On Wednesday night I had the worst long run of my life, no- the worst run of my life. There wasn’t one big thing that I did wrong, but a compilation of things that I could have done better. It was a huge let down, but I learned a lot and am ready to put it behind me and get back on track for my upcoming goals.
Back story: when I first started working with my extremely talented coach, Chris, he asked for my short term and long term goals. Short term: run a half marathon in under 1:30. Long term: run a marathon in sub 3:25. As the training continued, Chris set a new marathon goal based on my potential of 3:09, which put me at a 7:13 marathon pace.
It didn’t go according to plan. I crashed before mile 10 and stopped more times than I can count. I ended up with 17 miles at 7:20 pace, but didn’t even attempt the second part of the workout. I cried a couple of times and threw up before going to bed, which is something I never do from running.
I’m writing this now with a smile on my face, not only because I’m ridiculous for crying over a Wednesday night run, but I’ve already moved on. So instead of dwelling on what went wrong here’s what I learned from my terrible long run:
I’m a morning runner, I should stick to that
I did this run in the afternoon despite the fact that I am a morning runner. The morning is when I am awake and most focussed. By the end of the day, my legs are tired and my feet are swollen because my job keeps me up and moving. I should have done it in the morning.
I train better solo
This one is hard to accept because I love the social aspect of running. But I am a strong believer in the difference between running and training. I love running with other people, but focus better when I train alone. When I initially saw this workout, I sent a public service announcement on Facebook looking for someone to run with me. Misery enjoys company, right? Well, I found a taker and she joined me for the first 7 miles. I really enjoyed running with her, but my mind was all over the place and I was done for the second she turned around.
I require a lot of calories
I thought I had eaten more than enough throughout the day, but I could feel myself running on empty around the 10th mile. It’s hard for me to find the perfect balance of not eating too much while having enough fuel to get me through the run. I am now finding, in marathon training, there is no such thing as “too much” of the right food. My lunches might seem monstrous to my co-workers, but most days I’m not even full when it’s gone. Forget the judgement, I’m packing two lunch boxes.
I benefit from a set route
I like to have a solid idea of where I’m going on my run to better mentally prepare me for what’s to come. On Wednesday, I got a little lazy. I didn’t plan my run so I ended up turning around early and cutting it short. This meant that I had to pick up the extra miles at the end, which is my long run nightmare.
I need rest, not just sleep
Not only had I not slept well the week leading up to this run, but I hadn’t really been resting my legs either. I’m notorious for riding my bike or going to the gym on my “total rest days” or even going for walks with my niece-dog. These activities are less strenuous that running, but my legs need actual rest. I follow a blog called Pace with Grace and I love her recent post on rest.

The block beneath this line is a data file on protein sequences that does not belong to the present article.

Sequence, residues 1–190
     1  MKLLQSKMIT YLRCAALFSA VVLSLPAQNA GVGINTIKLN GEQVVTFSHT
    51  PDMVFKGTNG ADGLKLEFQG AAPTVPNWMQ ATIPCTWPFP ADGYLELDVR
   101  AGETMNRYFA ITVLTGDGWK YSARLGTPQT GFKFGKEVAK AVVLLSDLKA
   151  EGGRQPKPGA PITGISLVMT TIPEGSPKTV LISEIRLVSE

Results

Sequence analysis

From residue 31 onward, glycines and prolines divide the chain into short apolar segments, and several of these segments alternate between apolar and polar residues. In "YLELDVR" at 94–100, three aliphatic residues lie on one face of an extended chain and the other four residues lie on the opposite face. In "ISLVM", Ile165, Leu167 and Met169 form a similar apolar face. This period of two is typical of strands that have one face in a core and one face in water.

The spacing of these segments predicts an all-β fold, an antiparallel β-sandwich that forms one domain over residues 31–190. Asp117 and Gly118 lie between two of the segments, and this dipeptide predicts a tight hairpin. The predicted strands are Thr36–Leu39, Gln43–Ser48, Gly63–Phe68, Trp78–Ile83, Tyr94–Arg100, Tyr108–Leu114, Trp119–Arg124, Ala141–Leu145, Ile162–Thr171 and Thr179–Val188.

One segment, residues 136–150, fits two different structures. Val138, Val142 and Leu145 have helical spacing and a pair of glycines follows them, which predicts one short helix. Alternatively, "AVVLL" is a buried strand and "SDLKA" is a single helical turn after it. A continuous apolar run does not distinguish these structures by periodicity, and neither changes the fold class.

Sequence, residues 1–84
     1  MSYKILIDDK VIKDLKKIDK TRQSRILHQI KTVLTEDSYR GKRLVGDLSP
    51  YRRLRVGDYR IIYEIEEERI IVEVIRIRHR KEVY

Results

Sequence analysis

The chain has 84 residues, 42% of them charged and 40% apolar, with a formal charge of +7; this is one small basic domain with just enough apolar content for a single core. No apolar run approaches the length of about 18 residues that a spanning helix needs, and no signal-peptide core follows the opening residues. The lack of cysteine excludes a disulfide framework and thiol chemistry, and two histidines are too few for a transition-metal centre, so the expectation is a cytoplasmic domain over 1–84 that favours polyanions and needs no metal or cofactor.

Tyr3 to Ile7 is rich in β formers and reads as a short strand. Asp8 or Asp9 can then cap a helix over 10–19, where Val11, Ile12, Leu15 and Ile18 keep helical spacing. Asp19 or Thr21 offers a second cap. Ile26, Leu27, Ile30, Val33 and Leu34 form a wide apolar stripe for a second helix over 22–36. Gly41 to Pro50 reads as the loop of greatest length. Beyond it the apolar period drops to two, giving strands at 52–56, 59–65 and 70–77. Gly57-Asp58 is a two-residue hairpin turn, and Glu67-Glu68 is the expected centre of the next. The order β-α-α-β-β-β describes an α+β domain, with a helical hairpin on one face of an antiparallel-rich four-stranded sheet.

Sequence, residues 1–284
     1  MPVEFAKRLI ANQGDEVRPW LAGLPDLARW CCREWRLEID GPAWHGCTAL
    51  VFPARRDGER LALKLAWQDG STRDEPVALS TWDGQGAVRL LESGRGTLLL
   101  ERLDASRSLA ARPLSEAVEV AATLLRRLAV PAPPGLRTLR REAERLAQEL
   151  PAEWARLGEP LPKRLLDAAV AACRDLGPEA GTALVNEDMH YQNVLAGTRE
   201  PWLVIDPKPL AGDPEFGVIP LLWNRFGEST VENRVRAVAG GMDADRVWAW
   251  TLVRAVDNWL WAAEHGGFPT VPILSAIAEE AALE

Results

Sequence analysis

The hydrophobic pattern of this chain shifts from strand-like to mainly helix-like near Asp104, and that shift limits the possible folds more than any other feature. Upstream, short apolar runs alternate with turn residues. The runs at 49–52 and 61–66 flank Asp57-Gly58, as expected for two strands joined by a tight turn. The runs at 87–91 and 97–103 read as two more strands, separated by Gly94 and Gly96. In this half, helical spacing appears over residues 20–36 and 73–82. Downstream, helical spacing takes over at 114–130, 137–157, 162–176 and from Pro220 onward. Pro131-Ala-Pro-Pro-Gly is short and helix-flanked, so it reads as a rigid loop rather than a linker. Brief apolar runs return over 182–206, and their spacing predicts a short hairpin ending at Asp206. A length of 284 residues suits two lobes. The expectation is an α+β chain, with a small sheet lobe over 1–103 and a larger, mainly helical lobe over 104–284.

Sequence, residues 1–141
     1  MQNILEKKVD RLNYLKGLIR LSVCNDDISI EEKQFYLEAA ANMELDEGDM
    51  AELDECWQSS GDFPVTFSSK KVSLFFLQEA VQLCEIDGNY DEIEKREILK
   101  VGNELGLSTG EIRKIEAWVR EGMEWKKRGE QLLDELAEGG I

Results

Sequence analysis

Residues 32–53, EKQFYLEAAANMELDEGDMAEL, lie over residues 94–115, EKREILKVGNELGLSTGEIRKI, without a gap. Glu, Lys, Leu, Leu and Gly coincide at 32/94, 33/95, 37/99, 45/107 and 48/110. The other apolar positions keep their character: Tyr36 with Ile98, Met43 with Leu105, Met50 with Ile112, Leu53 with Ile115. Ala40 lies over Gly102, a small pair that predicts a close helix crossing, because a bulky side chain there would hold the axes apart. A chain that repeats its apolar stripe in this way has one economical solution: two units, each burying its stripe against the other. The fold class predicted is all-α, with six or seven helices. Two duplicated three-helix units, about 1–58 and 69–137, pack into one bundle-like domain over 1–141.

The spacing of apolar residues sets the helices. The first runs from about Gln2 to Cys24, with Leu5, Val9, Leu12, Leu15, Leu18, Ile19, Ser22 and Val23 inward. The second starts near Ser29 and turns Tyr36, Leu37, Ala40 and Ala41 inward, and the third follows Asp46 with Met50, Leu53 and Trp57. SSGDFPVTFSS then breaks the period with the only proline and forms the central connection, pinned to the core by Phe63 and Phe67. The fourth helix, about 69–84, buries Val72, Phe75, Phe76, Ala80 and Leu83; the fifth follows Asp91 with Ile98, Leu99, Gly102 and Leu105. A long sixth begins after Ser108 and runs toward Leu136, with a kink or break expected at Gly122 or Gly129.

I need to bring water
It is fall here in Tennessee, but at 4:00 p.m. it was in the low 90’s. I was desperate for water by mile 8. When I was in Aspen training for the Amsterdam Marathon, I developed the rule of carrying water and nutrition with me every time I ran over 45 minutes. I knew I was going to be running for at least 2 hrs and didn’t bring a thing. Where’s my logic these days?
I put way too much pressure on myself
The more you put into something, the more you have riding on it. I’ve been putting too much into this marathon training. My heart and soul is a lot to lose. That’s the problem. That thought alone means that I’ve got off track and started running for my own glory. When I am running for the glory of the Lord, does it matter if I don’t kill it in my long runs? No. It’s not going to make Him any less Himself or any less pleased with me.
I should learn to be more emotionally disconnected
I didn’t realize this until I read a post yesterday. I follow a blogger called “Minutes Per Mile” out of Nashville, who recently wrote on “How to become a Less Emotional Runner.” I hadn’t thought about how much emotions can affect your mental game during a race, but it made me realize how much my emotions have been holding me back.
I have to make an effort to heal
After this run, I wanted to stay up and blog, but my body literally wouldn’t let me. I fought off going to bed for about thirty minutes and then finally got it through my head that I desperately needed time to heal through sleep. I woke up the next morning, did a little yoga, and foam rolled. The extra sleep plus measures of healing (compression socks, too) helped tremendously. I see such a difference in how fast I bounce back when I take these measures.
After this run, Chris changed my marathon goal to a sub 3:15 and asked me not to race on Sunday. Ouch. It kind of hurt to read that, but I have to accept/respect where I am and remind myself that the victory is not by my own strength. I can’t do all of these perfectly, but reflecting after my run has already brought me much more hope and perspective for my training ahead.
What have you learned from your training?
Tell me about your worst run
Do you run better by yourself or with others?
Are you a morning or afternoon runner?